Another interesting piece of information is about why people cannot act until the last minute or until their anxiety level is about to explode. According to modern science, our brains are wired in such a way that it’s difficult to take action until our anxiety, or stress, reaches a certain level. Best performance can be achieved by maintaining within optimal levels. In fact, you realize your full potential when you come across some toughest times of your life when stress level is at its peak. Quite the opposite, letting the stress take control of the situation amounts to losing self-control.
“Dwindling self-control is particularly scary when you consider that stress affects physiological functions in the brain, contributing to chronic diseases like hypertension and diabetes. And stress doesn’t stop there–it’s linked to depression, obesity, and decreased cognitive performance.”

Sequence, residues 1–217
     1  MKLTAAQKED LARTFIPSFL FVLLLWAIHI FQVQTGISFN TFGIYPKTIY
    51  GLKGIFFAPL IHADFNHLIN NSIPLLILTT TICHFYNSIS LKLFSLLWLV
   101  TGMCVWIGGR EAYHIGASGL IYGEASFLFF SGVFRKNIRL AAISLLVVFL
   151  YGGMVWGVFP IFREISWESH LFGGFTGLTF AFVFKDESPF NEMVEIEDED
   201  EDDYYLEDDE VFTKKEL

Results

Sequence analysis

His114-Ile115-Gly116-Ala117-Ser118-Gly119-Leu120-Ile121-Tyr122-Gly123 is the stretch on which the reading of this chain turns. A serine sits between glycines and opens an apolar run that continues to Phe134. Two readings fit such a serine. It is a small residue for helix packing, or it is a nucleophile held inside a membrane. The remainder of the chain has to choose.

How to balance? The author advises, “the key thing to understand before getting started is that you are indeed facing uncertainty–the outcome of your future has not been decided. It’s up to you to develop the beliefs and mental toughness that will make you one of the Empowered.” Here are the steps he suggests:
Step 1: Expect and Prepare for Change
Step 2: Focus on Your Freedoms, Not Your Limitations
Step 3: Rewrite Your Script
Step 4: Spot and Stop Negative Self-Talk
Step 5: Count Your Blessings (Read more at How Successful People Beat Stress | Inc.com)
While all the steps are important, the last one, that is, being grateful to those who have been kind and supportive, plays a decisive role in one’s success story. Success does not only means getting the work done: it also means satisfaction of mind.
Bhagavad Gita (12.12) points at the secret to satisfied mind: “…Better than knowledge, however, is meditation, and better than meditation is renunciation of the fruits of action, for by such renunciation one can attain peace of mind.”